European Contributions and Concepts
Edited by Jürgen G. Backhaus
Chapter 5: W. Sombart's system approach and evolutionary economics: a comparison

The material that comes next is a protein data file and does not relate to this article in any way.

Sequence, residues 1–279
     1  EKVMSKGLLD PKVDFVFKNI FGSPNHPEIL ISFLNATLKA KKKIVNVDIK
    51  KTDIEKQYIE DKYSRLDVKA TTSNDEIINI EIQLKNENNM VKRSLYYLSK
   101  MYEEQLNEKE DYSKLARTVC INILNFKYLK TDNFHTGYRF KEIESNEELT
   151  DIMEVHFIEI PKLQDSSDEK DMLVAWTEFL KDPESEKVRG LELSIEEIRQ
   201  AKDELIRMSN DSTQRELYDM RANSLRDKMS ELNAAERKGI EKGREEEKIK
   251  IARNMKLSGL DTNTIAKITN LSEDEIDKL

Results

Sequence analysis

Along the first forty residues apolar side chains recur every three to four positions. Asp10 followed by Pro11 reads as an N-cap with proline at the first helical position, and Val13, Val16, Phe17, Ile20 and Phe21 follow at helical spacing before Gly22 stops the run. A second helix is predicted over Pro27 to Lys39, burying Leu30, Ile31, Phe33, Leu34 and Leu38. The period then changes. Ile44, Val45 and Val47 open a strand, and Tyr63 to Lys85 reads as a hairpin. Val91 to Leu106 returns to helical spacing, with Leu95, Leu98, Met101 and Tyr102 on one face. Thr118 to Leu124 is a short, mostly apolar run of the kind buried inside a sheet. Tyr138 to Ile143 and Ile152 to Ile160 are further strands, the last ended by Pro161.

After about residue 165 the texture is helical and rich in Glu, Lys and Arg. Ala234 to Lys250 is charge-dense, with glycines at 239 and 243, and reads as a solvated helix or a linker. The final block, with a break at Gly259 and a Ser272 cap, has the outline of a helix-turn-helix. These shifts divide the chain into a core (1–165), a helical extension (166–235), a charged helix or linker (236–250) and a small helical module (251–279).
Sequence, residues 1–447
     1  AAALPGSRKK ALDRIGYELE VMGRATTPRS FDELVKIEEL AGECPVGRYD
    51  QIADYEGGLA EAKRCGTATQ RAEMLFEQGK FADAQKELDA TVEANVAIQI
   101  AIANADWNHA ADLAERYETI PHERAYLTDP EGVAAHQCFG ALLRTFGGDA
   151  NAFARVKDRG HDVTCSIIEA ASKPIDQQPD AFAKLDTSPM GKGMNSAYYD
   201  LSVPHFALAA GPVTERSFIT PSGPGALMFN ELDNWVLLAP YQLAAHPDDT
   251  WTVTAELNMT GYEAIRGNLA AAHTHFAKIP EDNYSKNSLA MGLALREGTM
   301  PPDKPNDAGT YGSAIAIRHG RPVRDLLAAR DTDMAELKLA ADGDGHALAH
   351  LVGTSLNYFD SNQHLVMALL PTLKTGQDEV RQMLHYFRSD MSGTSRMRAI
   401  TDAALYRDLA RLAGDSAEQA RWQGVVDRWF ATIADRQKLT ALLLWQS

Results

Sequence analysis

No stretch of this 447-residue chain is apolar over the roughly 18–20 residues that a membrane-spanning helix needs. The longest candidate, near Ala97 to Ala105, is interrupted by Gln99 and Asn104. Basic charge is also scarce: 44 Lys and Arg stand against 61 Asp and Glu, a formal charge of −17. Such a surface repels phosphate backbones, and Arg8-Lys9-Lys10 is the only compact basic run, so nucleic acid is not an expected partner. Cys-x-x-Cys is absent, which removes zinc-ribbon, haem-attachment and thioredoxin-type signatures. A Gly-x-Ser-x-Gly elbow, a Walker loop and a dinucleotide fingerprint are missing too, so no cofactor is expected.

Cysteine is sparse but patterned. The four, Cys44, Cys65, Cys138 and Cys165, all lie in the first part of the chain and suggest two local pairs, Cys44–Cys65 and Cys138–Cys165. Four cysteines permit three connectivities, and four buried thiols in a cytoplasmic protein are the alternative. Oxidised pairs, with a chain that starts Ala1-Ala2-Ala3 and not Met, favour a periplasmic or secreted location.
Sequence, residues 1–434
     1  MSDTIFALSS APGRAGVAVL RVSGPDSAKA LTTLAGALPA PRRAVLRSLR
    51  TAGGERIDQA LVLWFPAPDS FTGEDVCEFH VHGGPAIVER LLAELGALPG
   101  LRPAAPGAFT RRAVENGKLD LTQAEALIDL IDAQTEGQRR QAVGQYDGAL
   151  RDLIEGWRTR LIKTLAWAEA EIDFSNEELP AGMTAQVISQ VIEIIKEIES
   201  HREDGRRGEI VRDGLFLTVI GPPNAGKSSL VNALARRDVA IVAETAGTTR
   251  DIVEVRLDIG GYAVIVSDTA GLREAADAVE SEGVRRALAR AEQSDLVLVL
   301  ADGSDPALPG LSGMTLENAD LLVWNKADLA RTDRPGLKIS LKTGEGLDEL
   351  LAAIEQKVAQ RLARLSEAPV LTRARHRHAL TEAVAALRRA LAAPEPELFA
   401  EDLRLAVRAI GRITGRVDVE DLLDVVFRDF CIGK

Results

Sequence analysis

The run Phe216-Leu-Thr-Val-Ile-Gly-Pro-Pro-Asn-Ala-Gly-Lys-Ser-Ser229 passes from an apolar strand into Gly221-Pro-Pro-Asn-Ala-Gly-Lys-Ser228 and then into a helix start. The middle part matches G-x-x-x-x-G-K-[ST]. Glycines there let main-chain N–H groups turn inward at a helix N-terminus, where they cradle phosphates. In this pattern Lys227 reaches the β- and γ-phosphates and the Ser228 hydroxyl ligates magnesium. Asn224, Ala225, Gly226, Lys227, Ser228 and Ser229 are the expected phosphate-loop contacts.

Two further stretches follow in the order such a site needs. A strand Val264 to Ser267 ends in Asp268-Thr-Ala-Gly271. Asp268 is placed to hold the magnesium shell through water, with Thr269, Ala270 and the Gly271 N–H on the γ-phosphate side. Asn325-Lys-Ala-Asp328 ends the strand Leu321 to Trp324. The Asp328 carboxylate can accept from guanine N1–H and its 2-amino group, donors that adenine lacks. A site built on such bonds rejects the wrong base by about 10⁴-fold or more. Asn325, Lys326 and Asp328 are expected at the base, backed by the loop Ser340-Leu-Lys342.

5. W. Sombart’s system approach and evolutionary economics: a comparison Helge Peukert INTRODUCTION1 The conception of capitalism as a historical formation with distinctive political and cultural as well as economic properties derives from the work of those relatively few economists interested in capitalism as a ‘stage’ of social evolution. In addition to the seminal work of Marx and the literature that his work has inspired, the conception draws on the writings of Smith, Mill, Veblen, Schumpeter and a number of sociologists and historians, notably among them, Weber and Braudel. The majority of present day economists do not use so broad a canvas, concentrating on capitalism as a market system, with the consequence of emphasizing its functional rather than its institutional or constitutive aspects. (Heilbroner 1988, p. 350b). In his magnum opus, Der moderne Kapitalismus, Sombart (1863–1941) also tries to analyse (the development of) capitalism as a historical phenomenon with distinctive political, cultural and economic properties. The third volume of his work was completed in 1927 and is often considered as the most comprehensive synthesis of the research of the historical school. As the last major representative of the youngest historical school he stood in the tradition of ‘theoretical historicism . . ., a synthesis between historical empiricism and theoretical economics . . . Sombart’s principal interest was in the great tendencies of capitalist evolution, including the evolution of its institutions in time’ (Chaloupek 1999, pp. 467 and 470). In the last decades evolutionary economics (henceforth EE, also for evolutionary economists) developed as a distinct research...
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